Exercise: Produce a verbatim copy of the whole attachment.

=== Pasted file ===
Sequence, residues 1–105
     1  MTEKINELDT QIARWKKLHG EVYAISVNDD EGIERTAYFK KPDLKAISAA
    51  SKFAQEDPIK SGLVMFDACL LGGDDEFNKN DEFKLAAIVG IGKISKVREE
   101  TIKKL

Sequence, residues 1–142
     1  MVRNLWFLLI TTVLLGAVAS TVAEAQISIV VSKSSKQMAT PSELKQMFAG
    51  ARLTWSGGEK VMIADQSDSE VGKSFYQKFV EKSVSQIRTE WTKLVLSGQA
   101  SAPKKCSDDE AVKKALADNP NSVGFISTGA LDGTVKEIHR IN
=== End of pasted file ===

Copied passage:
Sequence, residues 1–105
     1  MTEKINELDT QIARWKKLHG EVYAISVNDD EGIERTAYFK KPDLKAISAA
    51  SKFAQEDPIK SGLVMFDACL LGGDDEFNKN DEFKLAAIVG IGKISKVREE
   101  TIKKL

Sequence, residues 1–142
     1  MVRNLWFLLI TTVLLGAVAS TVAEAQISIV VSKSSKQMAT PSELKQMFAG
    51  ARLTWSGGEK VMIADQSDSE VGKSFYQKFV EKSVSQIRTE WTKLVLSGQA
   101  SAPKKCSDDE AVKKALADNP NSVGFISTGA LDGTVKEIHR IN